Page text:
John Roberts Comes Face to Face with the Mess he Made
Ten years to the day before Trump’s impeachment trial began, the Supreme Court released its Citizens United decision, plunging the country into the era of super PACs and unlimited, unregulated, secret campaign money from billionaires and foreign interests. Citizens United, and the resulting rise of the super PAC, led directly to this impeachment. The two Rudy Giuliani associates engaged in key abuses — the ouster of the U.S. ambassador to Ukraine, the attempts to force Ukraine’s president to announce investigations into Trump’s political opponents — gained access to Trump by funneling money from a Ukrainian oligarch to the president’s super PAC.
The Roberts Court’s decisions led to this moment in indirect ways, as well. The court’s 2013 ruling in Shelby County gutted the Voting Rights Act and spurred a new wave of voter suppression. The decision in 2014′s McCutcheon further surrendered campaign finance to the wealthiest. The 2018 Janus decision hobbled the ability of labor unions to counter wealthy donors, while the 2019 Rucho ruling blessed partisan gerrymandering, expanding anti-democratic tendencies.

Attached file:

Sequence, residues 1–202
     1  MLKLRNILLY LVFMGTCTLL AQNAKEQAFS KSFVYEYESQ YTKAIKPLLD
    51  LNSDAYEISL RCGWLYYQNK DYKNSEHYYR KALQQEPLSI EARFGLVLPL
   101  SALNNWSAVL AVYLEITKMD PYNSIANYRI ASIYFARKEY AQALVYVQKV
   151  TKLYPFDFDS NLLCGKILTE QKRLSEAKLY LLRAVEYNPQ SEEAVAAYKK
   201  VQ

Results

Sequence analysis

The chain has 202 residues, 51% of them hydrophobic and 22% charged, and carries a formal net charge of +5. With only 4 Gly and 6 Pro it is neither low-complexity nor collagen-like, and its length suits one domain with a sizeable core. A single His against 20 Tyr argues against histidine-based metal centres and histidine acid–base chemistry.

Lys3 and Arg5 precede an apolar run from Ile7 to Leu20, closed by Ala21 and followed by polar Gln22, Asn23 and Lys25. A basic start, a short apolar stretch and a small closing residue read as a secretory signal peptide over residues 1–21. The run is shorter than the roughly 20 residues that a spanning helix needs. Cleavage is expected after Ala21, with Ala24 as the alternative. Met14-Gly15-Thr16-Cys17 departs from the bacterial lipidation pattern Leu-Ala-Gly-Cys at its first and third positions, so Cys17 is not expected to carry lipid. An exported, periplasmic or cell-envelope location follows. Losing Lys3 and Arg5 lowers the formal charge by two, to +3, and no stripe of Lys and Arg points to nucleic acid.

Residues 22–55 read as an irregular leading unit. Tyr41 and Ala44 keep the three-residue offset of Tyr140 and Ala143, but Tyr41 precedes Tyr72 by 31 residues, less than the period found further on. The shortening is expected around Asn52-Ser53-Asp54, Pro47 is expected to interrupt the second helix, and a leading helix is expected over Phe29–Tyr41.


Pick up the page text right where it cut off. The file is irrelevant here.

The consequences? Falling confidence in government, and a growing perception that Washington had become a “swamp” corrupted by political money, fueled Trump’s victory. The Republican Party, weakened by the new dominance of outside money, couldn’t stop Trump’s hostile takeover of the party or the takeover of the congressional GOP ranks by far-right candidates. The new dominance of ideologically extreme outside groups and donors led lawmakers on both sides to give their patrons what they wanted: conflict over collaboration and purity at the cost of paralysis. The various decisions also suppress the influence of poorer and non-white Americans and extend the electoral power of Republicans in disproportion to the popular vote.